SUMMARY OF THE INVENTION

Accordingly, directed to remedying the disadvantages of the prior art, various label applicator constructions are provided herein. Each includes facestock adhered with releasable adhesive to a liner sheet. Die cut lines are made through the facestock but not through the liner sheet; and die cut lines are made through the liner sheet but not the facestock. Portions of the label sheet are then stripped away. Using different patterns of the die cut lines or other weakened separation lines and stripped away portions, the different label applicator constructions are formed. Each is a sheet construction with a plurality of small elongate labels formed from the liner sheet and releasably held to the facestock. The sheet construction is passed through a printer and the desired indicia printed on the labels. The printed labels are then ready for easy controlled removal and application by the user to tabs of index dividers, file folders or the like.

According to one definition of the invention, the label sheet is die cut on both the face and liner to facilitate the application of labels onto the dividers and file folders. The label sheet has die cuts that are oriented thereon to allow them to be aligned with either one or more sets of dividers or sets of file folders. The liner is die cut so that a strip can be removed directly from behind the labels, exposing the adhesive side of the labels. The labels are also temporarily held onto the remainder of the sheet by small ties. Removal of the liner from the label sheet allows the user to align the tabs over the substrate using the rest of the label sheet as a carrier. The application of the labels is followed by removal of the label sheet that breaks the ties, leaving just the labels on the substrate. The label applicator construction includes a pressure sensitive laminate material die cut on both the face and liner and sheeted to a standard-size sheet. The facestock of the pressure sensitive laminate material can be either paper or coated film that is toner or ink receptive. The adhesive can be permanent or removable, depending on the level of adhesion needed for the end user.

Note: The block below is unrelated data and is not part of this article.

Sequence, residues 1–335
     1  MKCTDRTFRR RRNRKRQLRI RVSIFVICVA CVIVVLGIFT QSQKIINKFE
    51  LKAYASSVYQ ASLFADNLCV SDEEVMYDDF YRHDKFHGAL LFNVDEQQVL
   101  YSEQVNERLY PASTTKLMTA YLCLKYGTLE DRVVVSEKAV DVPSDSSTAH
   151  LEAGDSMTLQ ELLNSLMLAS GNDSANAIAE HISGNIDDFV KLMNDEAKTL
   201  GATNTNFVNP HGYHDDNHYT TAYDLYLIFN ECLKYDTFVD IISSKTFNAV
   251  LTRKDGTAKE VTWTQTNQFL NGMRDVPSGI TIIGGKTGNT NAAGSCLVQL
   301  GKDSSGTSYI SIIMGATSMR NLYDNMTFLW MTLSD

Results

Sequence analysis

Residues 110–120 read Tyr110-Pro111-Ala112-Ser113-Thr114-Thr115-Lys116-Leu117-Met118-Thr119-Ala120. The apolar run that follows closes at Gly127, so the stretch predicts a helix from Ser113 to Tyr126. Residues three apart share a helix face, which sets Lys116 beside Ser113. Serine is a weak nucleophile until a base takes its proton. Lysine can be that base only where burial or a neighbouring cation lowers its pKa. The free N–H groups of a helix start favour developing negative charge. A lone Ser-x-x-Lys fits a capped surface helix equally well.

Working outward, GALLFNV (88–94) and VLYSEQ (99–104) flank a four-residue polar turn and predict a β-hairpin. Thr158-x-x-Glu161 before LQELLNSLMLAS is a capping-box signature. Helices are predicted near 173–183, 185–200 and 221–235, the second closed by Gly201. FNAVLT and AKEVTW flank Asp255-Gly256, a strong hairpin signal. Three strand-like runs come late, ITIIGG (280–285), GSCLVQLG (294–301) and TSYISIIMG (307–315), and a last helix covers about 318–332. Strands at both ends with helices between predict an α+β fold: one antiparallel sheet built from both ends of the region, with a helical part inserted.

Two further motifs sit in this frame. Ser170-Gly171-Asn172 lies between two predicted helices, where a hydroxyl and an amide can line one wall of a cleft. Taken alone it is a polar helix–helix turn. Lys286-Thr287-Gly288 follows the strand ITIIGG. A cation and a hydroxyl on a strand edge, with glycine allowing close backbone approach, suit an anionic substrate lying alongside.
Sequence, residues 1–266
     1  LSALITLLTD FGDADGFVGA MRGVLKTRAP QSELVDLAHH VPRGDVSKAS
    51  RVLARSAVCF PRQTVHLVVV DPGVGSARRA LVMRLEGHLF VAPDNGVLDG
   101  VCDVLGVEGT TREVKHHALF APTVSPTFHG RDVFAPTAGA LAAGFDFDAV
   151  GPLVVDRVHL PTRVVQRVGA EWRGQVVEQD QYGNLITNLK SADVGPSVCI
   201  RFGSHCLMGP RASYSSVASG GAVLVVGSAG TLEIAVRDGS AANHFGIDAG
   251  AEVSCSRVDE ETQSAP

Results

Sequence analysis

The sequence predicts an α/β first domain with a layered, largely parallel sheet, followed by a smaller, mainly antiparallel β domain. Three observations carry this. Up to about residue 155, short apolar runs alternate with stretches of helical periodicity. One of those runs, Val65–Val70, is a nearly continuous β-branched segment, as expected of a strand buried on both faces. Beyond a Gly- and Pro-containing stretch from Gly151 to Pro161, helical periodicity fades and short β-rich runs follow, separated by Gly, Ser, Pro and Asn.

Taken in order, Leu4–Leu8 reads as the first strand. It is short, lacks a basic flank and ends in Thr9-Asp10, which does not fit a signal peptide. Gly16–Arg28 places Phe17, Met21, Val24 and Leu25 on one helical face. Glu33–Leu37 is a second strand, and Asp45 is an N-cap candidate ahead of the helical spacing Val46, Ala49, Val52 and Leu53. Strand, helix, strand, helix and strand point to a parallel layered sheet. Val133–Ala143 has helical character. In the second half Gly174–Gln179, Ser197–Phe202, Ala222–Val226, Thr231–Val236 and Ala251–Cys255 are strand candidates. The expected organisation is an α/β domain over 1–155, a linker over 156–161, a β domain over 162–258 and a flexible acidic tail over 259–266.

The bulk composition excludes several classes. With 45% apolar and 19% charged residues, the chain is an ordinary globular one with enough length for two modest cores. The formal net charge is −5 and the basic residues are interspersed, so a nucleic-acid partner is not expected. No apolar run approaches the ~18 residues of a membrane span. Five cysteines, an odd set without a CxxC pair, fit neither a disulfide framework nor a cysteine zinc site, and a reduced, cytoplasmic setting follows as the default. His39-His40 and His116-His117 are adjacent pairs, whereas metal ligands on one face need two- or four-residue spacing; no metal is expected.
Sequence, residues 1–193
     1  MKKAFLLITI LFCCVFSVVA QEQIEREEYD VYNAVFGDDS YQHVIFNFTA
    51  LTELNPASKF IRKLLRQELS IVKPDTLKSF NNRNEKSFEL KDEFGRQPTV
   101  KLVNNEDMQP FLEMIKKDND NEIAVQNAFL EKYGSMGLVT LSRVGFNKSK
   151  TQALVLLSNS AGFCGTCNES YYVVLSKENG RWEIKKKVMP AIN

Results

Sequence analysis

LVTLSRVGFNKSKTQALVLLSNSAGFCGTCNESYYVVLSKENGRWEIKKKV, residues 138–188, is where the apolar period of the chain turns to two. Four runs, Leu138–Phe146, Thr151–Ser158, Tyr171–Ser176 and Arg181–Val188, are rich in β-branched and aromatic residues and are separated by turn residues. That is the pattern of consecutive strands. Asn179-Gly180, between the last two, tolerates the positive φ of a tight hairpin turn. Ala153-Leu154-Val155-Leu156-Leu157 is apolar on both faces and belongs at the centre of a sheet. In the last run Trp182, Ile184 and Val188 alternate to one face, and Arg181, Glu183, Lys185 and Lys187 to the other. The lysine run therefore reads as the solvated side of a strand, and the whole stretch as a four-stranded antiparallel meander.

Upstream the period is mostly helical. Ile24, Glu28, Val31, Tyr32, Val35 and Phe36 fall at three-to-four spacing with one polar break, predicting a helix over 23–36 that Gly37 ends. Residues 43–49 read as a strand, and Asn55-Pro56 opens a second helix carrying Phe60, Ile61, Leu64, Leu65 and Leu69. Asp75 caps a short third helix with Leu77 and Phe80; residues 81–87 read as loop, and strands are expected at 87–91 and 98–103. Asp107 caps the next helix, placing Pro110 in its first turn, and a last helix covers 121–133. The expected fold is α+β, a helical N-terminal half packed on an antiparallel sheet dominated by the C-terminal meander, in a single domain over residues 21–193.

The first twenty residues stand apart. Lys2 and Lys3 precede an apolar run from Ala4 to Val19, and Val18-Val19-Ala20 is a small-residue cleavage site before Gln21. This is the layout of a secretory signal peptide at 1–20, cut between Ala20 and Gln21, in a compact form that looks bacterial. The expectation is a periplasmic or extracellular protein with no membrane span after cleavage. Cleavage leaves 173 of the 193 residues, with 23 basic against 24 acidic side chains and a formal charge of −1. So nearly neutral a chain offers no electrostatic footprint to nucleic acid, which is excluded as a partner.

A first construction/method of the invention is for applying multiple labels on tab dividers/file folders. The label sheet includes die cuts that are oriented on the sheet in a way that allows them to be aligned with the set of tabs if a set of dividers were stacked on top of each other. The liner is die cut so that a strip, positioned directly behind the labels, can be removed, exposing the adhesive side of the labels. The labels are also temporarily held on the label sheet by small ties. The removal of the liner from the label sheet allows the user to align the tabs over the divider set using the label sheet as a carrier. Once the labels are affixed to the tabs, the user pulls away the label sheet to break the ties, leaving only the labels affixed to the tabs.

An alternate method for placing multiple label on tab dividers/file folders uses a label sheet which includes labels arranged in a way similar to the first method. In this method, the liner is die cut in the shape of the row of labels. The labels are exposed by removing the strip of liner directly behind the labels. Next, a set of dividers is placed on the exposed adhesive using the outline of the removed liner as a guide. After the labels have been pressure applied to the tabs, the label sheet is pulled away, leaving the labels affixed to the tabs.

A second construction/method is for applying single labels onto substrate. In this method, individual labels are placed on the substrate one label at a time. On both short sides of the label, there are “handles” that are held onto the label by small ties. These handles are used to hold the labels over the desired position and used to align the labels. After placing the labels on the desired location, the handles are removed by pulling laterally away from the label.